Note: FAIR encourages readers to support their local independent booksellers. However, if books mentioned on our site are not available in your area, we offer the ability to purchase some books online in association with the book's publisher, and Powell's Books. Backlash: The Undeclared War Against American Women By Susan Faludi (Crown, 1991) An in-depth, well-documented analysis of the media backlash against feminism. By Invitation Only: How the Media Limit Public DebateBy David Croteau and William Hoynes (Common Courage, 1994) Incorporates Croteau and Hoynes' classic studies of Nightline, the NewsHour and PBS that document the establishment bias of "prestige" television. […]
Search Results for: David Croteau
The Nightline study and media research
I first became acquainted with FAIR in 1987, when a friend handed me a special issue of Extra! (10-11/87) that described the distortions in U.S. news coverage of Nicaragua, highlighting the success of the Reagan administration at manipulating the news media. At the time, I was a grad student in sociology at Boston College, and was working on a study of media strategies of the Central America solidarity movement and exploring broader questions about how news media reported U.S. foreign policy. With Cold War assumptions shaping both the political debate on Capitol Hill and mainstream news coverage of U.S. involvement […]
Elite Bias Rules
A good place to begin a discussion of media bias on economics is with the price of wine. In 1997, this is how the New York Times wine columnist discussed the issue: "The $100-a-bottle wine, once an example of vulgar excess, is now an everyday occurrence." What's now an everyday occurrence is celebratory and ignorant elitism in national media. Indeed, it is the overriding bias in economics coverage -- whether the news outlet leans left or right on social issues like gays, guns or abortion. This elite worldview leads to a conservative, pro-corporate slant on issues from trade to wages […]
Political Discourse and the "New PBS"
Introduction Public television has survived. The high profile assault from conservative critics, which was front-page news in the early 1990s, now seems like ancient history. As we enter the digital television age, we no longer hear Congressional threats to "zero out" public television, plans to "privatize" public broadcasting have receded from the opinion pages, and the often shrill claims of a so-called "liberal bias" on public television are much less conspicuous. Indeed, PBS's 1998 Annual Report(1) talks of a "new PBS" that has been in development since 1995, precisely the time when the conservative effort to scale back, even eliminate, […]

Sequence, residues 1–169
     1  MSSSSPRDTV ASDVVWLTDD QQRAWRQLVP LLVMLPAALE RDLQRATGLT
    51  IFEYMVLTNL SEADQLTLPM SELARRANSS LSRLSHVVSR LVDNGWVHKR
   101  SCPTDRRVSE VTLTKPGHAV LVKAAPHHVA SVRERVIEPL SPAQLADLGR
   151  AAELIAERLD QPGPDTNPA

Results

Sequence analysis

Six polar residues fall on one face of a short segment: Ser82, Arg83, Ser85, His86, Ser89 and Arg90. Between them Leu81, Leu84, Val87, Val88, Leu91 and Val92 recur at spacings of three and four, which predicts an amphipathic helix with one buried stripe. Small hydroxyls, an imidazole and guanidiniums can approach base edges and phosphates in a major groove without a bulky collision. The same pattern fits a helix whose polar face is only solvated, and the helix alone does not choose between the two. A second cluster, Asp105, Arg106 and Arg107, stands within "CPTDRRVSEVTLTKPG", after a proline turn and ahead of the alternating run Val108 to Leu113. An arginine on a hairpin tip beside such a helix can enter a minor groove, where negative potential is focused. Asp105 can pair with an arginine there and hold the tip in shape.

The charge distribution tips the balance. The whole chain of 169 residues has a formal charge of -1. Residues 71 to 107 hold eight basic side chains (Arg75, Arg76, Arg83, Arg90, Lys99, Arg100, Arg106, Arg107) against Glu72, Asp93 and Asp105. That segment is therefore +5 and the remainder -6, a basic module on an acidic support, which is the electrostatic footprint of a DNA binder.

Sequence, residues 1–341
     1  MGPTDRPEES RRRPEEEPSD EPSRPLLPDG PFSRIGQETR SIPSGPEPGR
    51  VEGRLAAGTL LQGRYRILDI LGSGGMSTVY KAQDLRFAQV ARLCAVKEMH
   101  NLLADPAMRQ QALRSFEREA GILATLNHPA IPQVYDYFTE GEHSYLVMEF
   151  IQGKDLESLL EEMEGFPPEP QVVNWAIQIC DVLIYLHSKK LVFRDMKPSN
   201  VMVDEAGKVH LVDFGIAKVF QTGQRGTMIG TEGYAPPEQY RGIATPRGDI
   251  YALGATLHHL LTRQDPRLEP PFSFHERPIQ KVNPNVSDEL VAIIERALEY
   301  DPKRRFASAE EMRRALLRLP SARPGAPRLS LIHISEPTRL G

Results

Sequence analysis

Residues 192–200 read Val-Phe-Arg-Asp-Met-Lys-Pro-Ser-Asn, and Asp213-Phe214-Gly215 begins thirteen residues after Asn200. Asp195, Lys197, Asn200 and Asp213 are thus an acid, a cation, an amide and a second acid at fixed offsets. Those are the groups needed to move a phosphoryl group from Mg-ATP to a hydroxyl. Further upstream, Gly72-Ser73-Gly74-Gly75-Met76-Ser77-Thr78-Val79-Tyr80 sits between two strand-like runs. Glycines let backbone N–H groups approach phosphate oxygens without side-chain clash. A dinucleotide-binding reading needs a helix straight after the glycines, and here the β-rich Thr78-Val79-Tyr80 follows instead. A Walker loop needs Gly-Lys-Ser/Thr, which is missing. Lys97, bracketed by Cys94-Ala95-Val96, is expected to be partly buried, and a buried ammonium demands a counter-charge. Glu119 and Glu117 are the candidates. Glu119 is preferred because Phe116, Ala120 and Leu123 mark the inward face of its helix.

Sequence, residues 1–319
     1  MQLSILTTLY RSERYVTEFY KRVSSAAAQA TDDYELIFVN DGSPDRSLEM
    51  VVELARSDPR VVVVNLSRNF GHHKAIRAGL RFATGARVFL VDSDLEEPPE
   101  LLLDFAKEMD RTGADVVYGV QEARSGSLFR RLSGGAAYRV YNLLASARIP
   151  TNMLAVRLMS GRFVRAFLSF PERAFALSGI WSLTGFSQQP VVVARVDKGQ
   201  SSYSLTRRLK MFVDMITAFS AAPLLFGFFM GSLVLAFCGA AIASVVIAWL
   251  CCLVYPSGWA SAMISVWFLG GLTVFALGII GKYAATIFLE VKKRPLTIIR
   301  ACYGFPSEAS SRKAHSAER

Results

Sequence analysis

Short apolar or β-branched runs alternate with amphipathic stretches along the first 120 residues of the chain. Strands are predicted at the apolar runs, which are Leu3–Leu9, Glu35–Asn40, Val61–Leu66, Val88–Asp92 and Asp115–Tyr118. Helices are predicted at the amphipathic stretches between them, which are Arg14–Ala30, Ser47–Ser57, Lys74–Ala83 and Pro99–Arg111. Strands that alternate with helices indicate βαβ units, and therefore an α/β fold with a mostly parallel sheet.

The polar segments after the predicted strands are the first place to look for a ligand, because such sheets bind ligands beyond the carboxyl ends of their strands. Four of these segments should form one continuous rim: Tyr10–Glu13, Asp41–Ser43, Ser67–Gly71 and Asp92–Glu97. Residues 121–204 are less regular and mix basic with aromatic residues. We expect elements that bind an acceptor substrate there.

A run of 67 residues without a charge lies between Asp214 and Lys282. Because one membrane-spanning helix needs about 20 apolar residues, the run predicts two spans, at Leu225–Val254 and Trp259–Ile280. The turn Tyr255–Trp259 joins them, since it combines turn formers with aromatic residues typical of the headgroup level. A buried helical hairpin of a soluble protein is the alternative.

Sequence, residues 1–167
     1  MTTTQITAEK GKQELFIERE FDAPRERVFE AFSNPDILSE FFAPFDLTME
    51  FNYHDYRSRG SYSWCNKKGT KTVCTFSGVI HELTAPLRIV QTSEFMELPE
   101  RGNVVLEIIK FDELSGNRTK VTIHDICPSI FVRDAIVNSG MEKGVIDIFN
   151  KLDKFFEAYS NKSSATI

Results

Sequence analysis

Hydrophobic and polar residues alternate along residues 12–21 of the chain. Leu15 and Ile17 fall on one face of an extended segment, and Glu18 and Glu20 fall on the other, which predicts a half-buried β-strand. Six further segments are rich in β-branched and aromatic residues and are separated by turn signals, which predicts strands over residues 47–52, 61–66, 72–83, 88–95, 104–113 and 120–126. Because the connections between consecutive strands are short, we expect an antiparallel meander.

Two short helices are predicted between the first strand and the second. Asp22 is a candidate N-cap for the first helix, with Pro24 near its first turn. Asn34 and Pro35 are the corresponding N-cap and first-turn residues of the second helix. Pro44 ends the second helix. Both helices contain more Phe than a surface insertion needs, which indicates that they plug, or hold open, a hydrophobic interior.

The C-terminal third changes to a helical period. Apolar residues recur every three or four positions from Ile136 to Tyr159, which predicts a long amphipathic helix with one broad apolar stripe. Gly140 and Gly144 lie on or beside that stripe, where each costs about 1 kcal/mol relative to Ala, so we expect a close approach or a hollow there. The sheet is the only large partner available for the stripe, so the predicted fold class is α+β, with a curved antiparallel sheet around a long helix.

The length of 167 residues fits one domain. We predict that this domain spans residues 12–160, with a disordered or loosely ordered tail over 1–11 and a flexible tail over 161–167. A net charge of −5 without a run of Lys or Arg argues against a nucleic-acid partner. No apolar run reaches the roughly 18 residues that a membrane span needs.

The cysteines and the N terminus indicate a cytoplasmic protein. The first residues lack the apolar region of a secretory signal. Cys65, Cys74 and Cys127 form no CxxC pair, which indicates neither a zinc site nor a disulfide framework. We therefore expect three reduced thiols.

For years, conservatives have painted a picture of the Washington press corps as a group of liberal crusaders bent on bashing corporations, bloating government and socializing health care. This caricature is utterly deflated by a new survey of journalists. It turns out that on a wide range of economic issues, Washington journalists are more conservative--not more "liberal"--than the general public. Take the charge that journalists are anti-business. The recent survey asked them a simple question: Do "a few large companies" have "too much power"? Washington journalists were somewhat divided on the issue, with 57 percent answering yes and 43 percent […]
What Are the Politics of Network Bosses?
While David Croteau's study demonstrates that Washington journalists are to the right of the general public on many economic issues, it needs to be stressed that the personal views of news reporters do not translate directly into the slant of news coverage. Reporters have editors or producers who play a key role in how the news is presented; these editors and producers in turn are overseen by higher-up news executives, part of a hierarchy that eventually culminates in the chief executive officer of the corporation that owns the news outlet. But those who specialize in scrutinizing the private opinions and […]
Two recent events — the launch of a magazine about news media and the release of a survey about journalists' opinions — illustrate the wide gap between the preoccupations of elite media professionals and the economic outlooks of most Americans. After lots of advance publicity, the premiere issue of Brill's Content is hot off the press. The magazine calls itself "the Independent Voice of the Information Age" and pledges to scrutinize news coverage without fear or favor. But so far, the match-up seems to be along the lines of "Establishment vs. Establishment." Exactly who owns this "independent voice"? In fact, […]
Journalists' Views on Politics, Economic Policy and Media Coverage
[See the Extra! magazine report on this study: Challenging the "Liberal Media" Claim: On economics, journalists' private views are to the right of public (July/August 1998) by David Croteau—Adobe reader required.] Executive Summary The conservative critique of the news media rests on two general propositions: (1) journalists' views are to the left of the public, and (2) journalists frame news content in a way that accentuates these left perspectives. Previous research has revealed persuasive evidence against the latter claim, but the validity of the former claim has often been taken for granted. This research project examined the supposed left orientation […]